Pointedly set in the East Germany of 1984, five years before the collapse of Iron Curtain communism, The Lives of Others is the story of three people set on a collision course by rank abuse of power. Gerd Wiesler (Ulrich Muehe) is a Communist Party true believer. He is a proud captain in the Stasi, the Gestapo-like secret police organization charged with squashing dissent. The picture opens with Wiesler relentlessly interrogating a man for the crime of knowing a neighbor who escaped to the West. Wiesler lives for his work. His dreary Spartan apartment is filled with cheap furniture and a grainy TV that drones on about agricultural reports. He occasionally hires a prostitute, but can't get her to linger after their perfunctory sexual encounters are hastily concluded. Obviously miserable, Wiesler finds his calling in bringing fear, intimidation and despair into the lives of others.
Wiesler's newest target is Georg Dreyman, (Sebastian Koch) the country's premier playwright. Tall, ruggedly handsome and cosmopolitan, Dreyman lives a life of privileged comfort few East Germans enjoy. He has a nice apartment and an income sizable enough to host lavish parties. He is said to have powerful political friends, and yet he's no toady. The fundamental humanity of his work is widely respected, and he counts many dissidents among his friends and admirers. But somehow Georg has managed to walk a tightrope, remaining a forthright supporter of socialism who avoids direct criticism of his government without surrendering his humanist credentials.
Georg lives with Christa-Maria Sieland (Martina Gedeck), the nation's foremost actress who often stars in Georg's plays. Together they are East Germany's power couple in matters artistic and cultural. Yet, despite their artistic acclaim, they remain vulnerable to the whims of the Communist Party leadership. A social misstep or a careless statement could lead to their blacklisting, as it has to their director friend Albert Jerska (Volkmar Kleinert), who has not been allowed to work in seven years. However, Georg is targeted by the Stasi not because of his complicated politics, but because of his private romantic life. Christa-Maria is desired by Bruno Hempf (Thomas Thieme), a high-ranking government minister. In fact, Hempf has already begun to force Christa-Maria into unwanted sexual liaisons in the backseats of state limousines and other sordid locations. These encounters, though not overtly violent, are nonetheless rapes. Hempf threatens to blacklist the actress and keep her from working if she does not surrender to his demands for sex. Now, Hempf wants Georg out of the picture entirely and, through an intermediary, orders Wiesler to gather information so that Georg can be charged with treason. Though happiness is not an emotion with which Wiesler is familiar, he embraces his charge with the relish of a starving man invited to a buffet.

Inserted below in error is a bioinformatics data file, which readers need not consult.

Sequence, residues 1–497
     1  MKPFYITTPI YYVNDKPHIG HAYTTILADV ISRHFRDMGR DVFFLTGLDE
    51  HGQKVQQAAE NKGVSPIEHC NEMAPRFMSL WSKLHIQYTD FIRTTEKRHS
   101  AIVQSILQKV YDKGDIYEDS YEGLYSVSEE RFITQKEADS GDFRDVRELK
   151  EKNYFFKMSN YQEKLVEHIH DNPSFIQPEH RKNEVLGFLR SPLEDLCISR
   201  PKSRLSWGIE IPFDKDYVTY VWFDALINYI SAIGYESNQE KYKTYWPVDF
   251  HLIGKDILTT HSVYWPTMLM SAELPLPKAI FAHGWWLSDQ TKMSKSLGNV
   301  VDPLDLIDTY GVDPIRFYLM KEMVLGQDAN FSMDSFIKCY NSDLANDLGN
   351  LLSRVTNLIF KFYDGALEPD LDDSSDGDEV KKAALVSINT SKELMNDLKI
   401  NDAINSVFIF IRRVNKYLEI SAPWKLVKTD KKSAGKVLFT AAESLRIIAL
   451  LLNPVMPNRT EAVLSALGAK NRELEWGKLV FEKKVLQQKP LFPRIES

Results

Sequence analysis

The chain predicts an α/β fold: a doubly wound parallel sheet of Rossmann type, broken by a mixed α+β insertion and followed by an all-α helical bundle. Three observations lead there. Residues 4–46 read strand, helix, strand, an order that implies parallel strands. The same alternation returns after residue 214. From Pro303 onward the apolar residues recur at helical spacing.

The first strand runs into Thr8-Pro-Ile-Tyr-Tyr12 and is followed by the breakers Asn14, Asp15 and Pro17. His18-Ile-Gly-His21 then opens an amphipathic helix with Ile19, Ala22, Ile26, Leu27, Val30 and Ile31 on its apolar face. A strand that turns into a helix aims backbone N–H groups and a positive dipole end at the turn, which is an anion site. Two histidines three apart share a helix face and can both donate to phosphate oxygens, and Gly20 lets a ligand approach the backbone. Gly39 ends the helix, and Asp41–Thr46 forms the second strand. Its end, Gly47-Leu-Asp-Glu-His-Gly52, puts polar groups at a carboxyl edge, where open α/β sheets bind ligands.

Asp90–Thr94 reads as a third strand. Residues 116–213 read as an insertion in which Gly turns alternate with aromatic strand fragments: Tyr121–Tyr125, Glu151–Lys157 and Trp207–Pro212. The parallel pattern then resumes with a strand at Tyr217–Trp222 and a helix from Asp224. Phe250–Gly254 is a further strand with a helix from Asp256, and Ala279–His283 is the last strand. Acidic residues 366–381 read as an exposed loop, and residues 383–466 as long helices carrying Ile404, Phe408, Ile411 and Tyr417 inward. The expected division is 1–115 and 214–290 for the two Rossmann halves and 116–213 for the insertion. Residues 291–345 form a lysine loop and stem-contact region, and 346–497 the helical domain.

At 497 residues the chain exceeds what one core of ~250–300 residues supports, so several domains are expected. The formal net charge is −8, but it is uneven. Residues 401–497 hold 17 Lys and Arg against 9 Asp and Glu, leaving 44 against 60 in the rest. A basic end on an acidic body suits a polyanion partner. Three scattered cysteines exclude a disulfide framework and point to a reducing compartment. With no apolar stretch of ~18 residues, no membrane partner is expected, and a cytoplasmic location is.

What follows is a shocking invasion of privacy as Wiesler wires Georg's apartment so that he can listen and record every word spoken there. And it is hardly difficult to utter a comment for which one can be arrested. As Wiesler taunts the man in his early interrogation, just the suggestion that the state might prosecute an innocent man is itself a transgression for which one might be prosecuted. But Wiesler's eavesdropping reveals more than the policeman expects. Wiesler hears a life full of decent concern for the welfare of friends, a life that celebrates art and artistry, the shared life of a couple in love. Moreover, his investigation brings to light that Georg is not really suspected to be an enemy of the state. Confronted with Hempf's perfidy, Wiesler's fundamentalist convictions are shattered. So now what's he supposed to do? And more complicated still, how is he to act when Hempf tries to pressure Christa-Maria to betray Georg as the ultimate cost of saving her career?
Early in the picture, Hempf and Georg have a tense discussion about human nature. The communist maintains that people don't change while the artist believes that they can and do. The artist is right, but the change is not always for the better. Hempf, for instance, makes a perfect communist for the 1980s, but he would have been just as successful a Nazi in the 1930s. Georg changes by ultimately embracing the kind of dissent he earlier eschews. The other characters change in ways that surprise, shock, sadden and encourage us to reconsider all that we think we know of them and, for that matter, what we think we know of ourselves and those around us we presume to know well.